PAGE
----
Eastern Star is "to dispense to our sisters
advice in their troubles, sympathy in
their sorrows, aid in their misfortunes."
Worthy matrons are admonished never to
close a chapter without asking, "Are any pt
our members sick and in need of sympathy
An effort is always made to cultivate the
social element, to make the meetings home
like, for the sake of those who are not
blessed with homes, and who are perhaps
far from mother, sister or friends, but who
know that in the chapter they will meet
with a cordial welcome from their adopted
sisters, and who on that account will feel
encouraged to withstand temptation.
The sisters are content to move in wom
an's true sphere, shedding light in dark
ened hearts, comforting the sorrowing,
nursing tho sick and relieving tho dis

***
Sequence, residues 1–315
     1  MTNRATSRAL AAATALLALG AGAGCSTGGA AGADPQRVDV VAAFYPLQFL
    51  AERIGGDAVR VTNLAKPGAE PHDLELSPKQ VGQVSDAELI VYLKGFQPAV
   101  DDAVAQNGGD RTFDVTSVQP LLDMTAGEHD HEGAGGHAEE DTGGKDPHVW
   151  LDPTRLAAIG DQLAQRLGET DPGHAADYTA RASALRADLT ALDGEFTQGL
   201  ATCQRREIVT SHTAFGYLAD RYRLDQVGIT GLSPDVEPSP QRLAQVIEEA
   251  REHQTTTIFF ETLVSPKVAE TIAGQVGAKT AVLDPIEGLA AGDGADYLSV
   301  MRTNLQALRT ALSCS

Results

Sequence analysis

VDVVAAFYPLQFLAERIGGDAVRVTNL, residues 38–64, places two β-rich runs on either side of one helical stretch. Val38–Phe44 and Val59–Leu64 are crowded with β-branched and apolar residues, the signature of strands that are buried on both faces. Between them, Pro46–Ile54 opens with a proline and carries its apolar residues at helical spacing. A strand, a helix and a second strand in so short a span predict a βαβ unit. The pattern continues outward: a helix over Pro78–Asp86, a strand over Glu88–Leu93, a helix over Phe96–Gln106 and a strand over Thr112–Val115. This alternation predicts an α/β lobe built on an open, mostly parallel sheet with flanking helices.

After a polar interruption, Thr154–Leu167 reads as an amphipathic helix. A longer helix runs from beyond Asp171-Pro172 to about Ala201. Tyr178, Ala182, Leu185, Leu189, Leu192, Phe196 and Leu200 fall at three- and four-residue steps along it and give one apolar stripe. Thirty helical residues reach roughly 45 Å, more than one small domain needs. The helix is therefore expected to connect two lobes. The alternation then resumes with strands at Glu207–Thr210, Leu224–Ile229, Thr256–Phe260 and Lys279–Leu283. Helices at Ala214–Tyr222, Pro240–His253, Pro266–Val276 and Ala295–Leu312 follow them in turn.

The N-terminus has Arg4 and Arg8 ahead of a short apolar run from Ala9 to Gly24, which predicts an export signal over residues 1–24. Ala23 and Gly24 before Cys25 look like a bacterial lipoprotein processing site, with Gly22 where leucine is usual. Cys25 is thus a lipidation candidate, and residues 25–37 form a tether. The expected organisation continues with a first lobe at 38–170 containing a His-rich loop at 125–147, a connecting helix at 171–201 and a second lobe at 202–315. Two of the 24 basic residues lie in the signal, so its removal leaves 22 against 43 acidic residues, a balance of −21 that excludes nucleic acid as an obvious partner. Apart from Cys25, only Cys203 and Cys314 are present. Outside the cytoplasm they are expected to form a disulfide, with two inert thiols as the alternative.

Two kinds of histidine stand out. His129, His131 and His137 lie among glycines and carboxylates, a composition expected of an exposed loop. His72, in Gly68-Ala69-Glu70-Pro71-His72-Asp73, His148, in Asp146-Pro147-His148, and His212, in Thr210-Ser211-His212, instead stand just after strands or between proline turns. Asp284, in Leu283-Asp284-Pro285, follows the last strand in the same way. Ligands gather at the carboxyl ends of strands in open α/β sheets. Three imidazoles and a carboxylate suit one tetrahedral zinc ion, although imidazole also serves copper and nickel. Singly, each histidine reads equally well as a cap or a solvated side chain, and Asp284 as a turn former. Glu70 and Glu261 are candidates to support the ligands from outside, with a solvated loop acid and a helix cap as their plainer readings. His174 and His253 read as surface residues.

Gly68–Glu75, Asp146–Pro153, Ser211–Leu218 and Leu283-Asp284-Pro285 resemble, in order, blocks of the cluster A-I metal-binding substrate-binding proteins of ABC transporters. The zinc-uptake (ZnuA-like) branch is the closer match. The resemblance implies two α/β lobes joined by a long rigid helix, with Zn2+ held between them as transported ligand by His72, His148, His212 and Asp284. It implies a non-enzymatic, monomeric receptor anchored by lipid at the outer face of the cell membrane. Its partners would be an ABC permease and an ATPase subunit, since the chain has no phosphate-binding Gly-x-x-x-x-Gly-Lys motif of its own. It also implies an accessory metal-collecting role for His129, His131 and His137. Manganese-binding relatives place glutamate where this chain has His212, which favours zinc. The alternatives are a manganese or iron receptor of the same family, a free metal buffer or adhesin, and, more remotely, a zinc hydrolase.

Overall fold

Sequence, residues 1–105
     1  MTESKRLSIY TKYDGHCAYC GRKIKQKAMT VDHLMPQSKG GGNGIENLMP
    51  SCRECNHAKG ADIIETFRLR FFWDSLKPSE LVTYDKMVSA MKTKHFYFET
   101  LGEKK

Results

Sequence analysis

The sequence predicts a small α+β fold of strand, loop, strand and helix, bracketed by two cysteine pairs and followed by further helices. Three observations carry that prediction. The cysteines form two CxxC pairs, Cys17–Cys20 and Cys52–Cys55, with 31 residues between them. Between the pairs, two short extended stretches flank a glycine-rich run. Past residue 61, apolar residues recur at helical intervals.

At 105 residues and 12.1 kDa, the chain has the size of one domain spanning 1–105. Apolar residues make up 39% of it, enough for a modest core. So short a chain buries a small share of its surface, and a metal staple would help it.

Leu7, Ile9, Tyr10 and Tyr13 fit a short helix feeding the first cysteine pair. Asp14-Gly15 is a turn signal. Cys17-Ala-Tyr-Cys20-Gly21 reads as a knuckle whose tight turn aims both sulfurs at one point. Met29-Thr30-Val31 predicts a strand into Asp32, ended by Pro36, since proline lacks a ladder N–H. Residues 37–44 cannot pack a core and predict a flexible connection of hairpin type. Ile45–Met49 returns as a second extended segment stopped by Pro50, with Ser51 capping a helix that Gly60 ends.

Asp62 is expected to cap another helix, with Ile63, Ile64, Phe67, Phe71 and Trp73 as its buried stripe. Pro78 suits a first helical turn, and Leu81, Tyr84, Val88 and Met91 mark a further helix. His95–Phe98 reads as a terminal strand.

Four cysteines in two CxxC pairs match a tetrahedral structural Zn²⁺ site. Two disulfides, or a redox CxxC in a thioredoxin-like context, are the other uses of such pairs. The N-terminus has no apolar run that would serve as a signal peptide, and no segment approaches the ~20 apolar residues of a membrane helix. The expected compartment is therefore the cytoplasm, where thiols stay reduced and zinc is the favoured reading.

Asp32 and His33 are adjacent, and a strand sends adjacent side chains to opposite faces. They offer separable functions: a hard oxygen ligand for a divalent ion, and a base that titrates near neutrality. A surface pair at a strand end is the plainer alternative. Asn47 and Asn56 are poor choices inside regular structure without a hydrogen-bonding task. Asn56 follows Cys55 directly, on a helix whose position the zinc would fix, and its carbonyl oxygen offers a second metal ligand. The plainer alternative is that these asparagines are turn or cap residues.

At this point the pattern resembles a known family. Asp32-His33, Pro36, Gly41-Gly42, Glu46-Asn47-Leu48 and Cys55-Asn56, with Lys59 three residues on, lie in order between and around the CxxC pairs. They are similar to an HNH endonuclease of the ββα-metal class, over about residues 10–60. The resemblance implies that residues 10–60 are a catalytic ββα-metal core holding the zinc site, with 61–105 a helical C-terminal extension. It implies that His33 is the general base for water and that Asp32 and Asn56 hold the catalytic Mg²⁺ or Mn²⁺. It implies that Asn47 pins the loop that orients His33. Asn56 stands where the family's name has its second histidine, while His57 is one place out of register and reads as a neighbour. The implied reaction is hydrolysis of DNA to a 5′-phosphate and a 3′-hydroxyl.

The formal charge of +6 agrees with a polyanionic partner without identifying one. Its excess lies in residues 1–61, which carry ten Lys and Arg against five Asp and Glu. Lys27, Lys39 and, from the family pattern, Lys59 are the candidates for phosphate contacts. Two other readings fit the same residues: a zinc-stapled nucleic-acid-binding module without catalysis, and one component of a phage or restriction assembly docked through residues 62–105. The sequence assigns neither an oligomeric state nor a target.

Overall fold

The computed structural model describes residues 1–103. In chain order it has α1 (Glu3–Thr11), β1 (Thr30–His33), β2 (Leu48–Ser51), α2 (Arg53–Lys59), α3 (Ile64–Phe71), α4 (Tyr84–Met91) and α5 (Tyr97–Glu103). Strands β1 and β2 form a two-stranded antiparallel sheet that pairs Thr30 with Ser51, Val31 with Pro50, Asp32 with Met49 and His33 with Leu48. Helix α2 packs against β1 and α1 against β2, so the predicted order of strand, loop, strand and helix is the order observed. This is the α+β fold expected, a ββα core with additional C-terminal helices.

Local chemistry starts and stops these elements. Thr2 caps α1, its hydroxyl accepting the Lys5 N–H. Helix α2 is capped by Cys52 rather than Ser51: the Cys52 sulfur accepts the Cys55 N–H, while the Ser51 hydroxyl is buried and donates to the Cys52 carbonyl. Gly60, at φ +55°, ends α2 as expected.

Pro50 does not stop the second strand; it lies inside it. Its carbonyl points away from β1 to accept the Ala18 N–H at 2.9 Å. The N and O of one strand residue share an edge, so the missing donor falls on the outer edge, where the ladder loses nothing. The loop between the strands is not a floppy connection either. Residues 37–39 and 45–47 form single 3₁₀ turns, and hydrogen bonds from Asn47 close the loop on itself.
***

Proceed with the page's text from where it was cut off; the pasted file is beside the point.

tressed. Among the grand matrons of this:
order are Airs. Augusta Ladd, New Jer
sey; Mrs. Fanning, Indiana; Mrs. Qris
wold, Michigan; Mrs. Alice Cox, Arkansas.
Mrs. Moore, California; Mrs. Chesney, Kan
sas; Mrs. Ercanbrack, Iowa; Mrs. E. J.
Perry, Massachusetts Mrs, Batley, Con
Glass Jewel Case.
It requires for this very pretty jewel case
six pieces of glass. The top and bottom
pieces should each bo four and one-half
inches square; the four sides each four
and one-half by two and one-half. Bind
each piece separately with moire ribbon,
short of one inch wide, and join together in
the shape of a box by neatly over handing
tho corners. Covor u piece of card board
with satin, plaited, and slip in the bottom
of the box. Finish the corners of the lid
with small hows - for Detroit Free Press.
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Recommended by leading Phjiidans